/e/ is based on LineageOS plus MicroG, so it has just as much functionality as normal Google Android but without the GPS communication with Google and with the added configuration possibilities of LineageOS.

Since MicroG can be added to LineageOS, FP Open OS and Shift OS-L (as far as I know) you might think that /e/ is still not significantly different. However, the /e/ team have also removed as much other communication with Google which is inside the rest of Android as they can. There are still some things to fix, but there is still much less communication with Google than any of the other options above.

They also provide their own app store and their own privacy-respecting cloud services (drive, mail, calendar, contacts, notes, tasks and search engine). In this way they replace all the other Google things which people normally depend on as well, which to date has probably been the main reason that people have almost always failed to go completely Google free.

There is a “product description” on the /e/ wiki here that gives more details: https://gitlab.e.foundation/e/wiki/en/wikis/e-product-description-pro-privacy-Android-ROM-and-online-services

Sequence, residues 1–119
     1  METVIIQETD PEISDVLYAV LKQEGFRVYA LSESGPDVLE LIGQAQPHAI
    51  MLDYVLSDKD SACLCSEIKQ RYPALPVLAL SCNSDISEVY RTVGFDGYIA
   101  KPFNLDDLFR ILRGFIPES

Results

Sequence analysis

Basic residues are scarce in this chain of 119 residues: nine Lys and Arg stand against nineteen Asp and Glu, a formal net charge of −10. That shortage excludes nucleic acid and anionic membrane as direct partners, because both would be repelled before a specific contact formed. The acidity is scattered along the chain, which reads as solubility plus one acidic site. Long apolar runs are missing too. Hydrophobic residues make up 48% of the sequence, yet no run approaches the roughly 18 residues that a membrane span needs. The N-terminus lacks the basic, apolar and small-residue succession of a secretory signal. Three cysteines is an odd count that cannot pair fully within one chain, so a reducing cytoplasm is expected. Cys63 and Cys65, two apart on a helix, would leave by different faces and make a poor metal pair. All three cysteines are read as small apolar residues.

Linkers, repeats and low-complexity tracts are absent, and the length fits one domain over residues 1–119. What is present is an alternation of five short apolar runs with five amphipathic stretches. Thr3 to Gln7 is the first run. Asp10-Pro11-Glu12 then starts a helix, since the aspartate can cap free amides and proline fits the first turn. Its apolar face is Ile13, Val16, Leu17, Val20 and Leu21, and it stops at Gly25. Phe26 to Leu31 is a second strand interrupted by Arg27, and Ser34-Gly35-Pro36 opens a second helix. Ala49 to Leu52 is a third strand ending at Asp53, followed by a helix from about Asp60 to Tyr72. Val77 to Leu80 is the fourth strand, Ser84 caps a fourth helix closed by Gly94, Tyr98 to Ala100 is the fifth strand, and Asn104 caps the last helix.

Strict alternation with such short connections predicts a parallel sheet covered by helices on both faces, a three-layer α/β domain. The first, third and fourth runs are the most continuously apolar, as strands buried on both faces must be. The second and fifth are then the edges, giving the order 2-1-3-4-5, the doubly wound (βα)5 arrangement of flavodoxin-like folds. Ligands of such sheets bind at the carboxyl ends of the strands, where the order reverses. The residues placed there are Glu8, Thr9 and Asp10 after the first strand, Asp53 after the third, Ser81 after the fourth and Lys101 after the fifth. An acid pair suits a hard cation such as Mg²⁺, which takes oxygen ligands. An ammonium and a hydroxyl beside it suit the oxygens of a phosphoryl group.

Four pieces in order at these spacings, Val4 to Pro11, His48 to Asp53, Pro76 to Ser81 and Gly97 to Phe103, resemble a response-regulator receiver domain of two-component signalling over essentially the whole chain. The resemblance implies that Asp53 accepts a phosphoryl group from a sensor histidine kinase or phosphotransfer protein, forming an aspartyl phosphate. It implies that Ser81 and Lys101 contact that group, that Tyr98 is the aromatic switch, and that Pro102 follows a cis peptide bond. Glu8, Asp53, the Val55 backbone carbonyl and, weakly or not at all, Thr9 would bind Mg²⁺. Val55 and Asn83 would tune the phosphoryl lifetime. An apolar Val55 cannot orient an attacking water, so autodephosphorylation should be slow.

If anything’s wrong or not clear please tell me.
Cheers :slight_smile:


Well yes, /e/ is nice, and has an interesting goal, but still, if people install facebook or the like (and be sure to check your apps, they use all kinds of ad networks, and also the infamous FB SDK), you may be less visible on google, but the rest of the world knows all about you.
Just for the record. I did a MITM check, and I found lots of otherwise respectable apps (or so I thought …) combining Google AdId and some unique ID they set while installing. So, even on /e/ and similar, if you use those apps, you’re visible as hell for everybody wanting to track you.
Use ad blockers, firewalls, and everything you can, if you’re tech savvy enough, but most of the people are not able to do this.
And if Fairphone says 95% users use a standard installation (maybe also because they are not tech enough to use a banking app while rooted, and this will still get more difficult with PSD2 in Europe), that leaves about 7500 users that are using FPOOS or LOS… Not a loss for google.

I’m also quite critical, but you simply can’t escape, you just can minimize your exposure…

(And I really want to talk to some of those clowns who block banking apps because you’re rooted, but still allow KitKat…)


Hi @ben !

I am quite sorry to learn that you get sick so easily. My apologies. But at the same time, I am glad that you go for peace of mind - surely, this will help you feel better soon!